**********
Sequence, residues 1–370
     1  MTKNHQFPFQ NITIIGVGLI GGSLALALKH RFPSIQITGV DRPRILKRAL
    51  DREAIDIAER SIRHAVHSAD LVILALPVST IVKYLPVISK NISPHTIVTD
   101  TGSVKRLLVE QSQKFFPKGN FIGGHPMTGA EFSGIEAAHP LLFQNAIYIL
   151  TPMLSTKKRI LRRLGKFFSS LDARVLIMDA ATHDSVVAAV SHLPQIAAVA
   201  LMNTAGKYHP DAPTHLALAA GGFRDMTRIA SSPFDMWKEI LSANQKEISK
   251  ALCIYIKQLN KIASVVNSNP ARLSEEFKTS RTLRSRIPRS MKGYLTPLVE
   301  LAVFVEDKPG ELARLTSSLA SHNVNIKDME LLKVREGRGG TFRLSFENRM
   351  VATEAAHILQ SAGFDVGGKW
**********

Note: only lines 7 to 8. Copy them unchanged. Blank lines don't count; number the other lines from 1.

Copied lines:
   251  ALCIYIKQLN KIASVVNSNP ARLSEEFKTS RTLRSRIPRS MKGYLTPLVE
   301  LAVFVEDKPG ELARLTSSLA SHNVNIKDME LLKVREGRGG TFRLSFENRM